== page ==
In my business, I am focused on helping others achieve a healthy balance in their lives through the use of yoga, kettlebells and general body weight exercises. I believe that fitness is a process that must be rooted out for each individual. Fitness must be enjoyable above all and also meaningful, else it will fail to connect on a permanent level.
During the last few weeks, as the never-ending, brutal winter continues to drag on, I have been called upon to become more of a nurturer rather than a trainer. Although my clients have still moved toward health, together we have spent many hours in restorative yoga. The cold, the wind, the dryness, and the stress have all converged and zapped most people’s energy and mental drive.
Last week, I helped my clients learn that we cannot always push our bodies. We must rest them when they are tired. I recommend that they go to bed before ten and get up at six am. I share with them how to use restorative yoga poses – with props, essential oils, eye pillows, low lights and music, to calm their minds and nerves while passively stretching. I flutter about them as a mother hen, propping here, moving an arm there, covering them with a blanket if needed.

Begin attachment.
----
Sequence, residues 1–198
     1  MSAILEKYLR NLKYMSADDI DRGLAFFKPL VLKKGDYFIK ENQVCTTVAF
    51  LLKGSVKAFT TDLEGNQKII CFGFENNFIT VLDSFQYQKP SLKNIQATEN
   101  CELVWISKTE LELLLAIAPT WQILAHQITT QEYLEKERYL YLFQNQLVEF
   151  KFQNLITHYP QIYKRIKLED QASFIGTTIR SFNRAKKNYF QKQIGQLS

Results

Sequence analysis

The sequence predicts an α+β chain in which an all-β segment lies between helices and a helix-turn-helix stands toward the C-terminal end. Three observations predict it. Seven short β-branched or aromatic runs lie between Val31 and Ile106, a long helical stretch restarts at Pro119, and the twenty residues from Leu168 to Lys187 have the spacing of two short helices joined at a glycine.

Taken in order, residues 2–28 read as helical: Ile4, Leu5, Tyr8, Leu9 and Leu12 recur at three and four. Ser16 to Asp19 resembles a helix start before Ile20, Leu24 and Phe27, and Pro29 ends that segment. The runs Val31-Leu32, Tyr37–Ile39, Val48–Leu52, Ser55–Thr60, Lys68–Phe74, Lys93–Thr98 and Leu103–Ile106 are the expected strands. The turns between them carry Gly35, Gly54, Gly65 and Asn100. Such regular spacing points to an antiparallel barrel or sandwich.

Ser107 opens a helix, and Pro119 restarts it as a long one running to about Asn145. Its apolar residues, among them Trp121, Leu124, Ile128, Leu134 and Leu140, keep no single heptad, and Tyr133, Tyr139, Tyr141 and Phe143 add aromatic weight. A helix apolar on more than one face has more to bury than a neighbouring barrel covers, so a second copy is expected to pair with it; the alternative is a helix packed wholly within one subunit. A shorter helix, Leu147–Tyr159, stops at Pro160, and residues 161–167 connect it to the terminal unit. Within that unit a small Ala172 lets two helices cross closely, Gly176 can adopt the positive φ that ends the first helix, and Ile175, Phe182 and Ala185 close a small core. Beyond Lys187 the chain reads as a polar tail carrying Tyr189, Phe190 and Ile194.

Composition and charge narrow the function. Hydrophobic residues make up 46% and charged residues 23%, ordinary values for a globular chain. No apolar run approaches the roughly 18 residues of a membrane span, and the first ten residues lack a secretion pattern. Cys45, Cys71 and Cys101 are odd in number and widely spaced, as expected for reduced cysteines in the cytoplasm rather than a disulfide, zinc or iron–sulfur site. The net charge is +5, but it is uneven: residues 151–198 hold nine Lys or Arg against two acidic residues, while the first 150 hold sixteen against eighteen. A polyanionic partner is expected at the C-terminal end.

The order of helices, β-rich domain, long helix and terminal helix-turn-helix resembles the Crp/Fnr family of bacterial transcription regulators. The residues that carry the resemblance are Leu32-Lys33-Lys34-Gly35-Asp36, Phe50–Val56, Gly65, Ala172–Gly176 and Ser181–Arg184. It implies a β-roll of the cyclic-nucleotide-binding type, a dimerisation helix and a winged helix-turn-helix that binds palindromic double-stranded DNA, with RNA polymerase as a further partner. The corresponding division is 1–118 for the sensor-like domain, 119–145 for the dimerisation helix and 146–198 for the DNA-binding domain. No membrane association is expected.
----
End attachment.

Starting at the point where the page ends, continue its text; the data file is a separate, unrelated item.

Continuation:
When my clients finally allow themselves to rest in total relaxation – with nothing to do but rest – they begin to find a deeper connection with themselves and with the world. Problems seems to fade or become less troublesome, anger and stress dissolve a little bit, and the body responds with renewed energy and vigor.
Relaxation takes discipline and devotion to taking care of your body. In today’s working world, you may feel that you cannot possibly stop to take a few long and leisurely drinks from the fountain of restoration. However, to find true peace, along with physical and mental health, you must learn.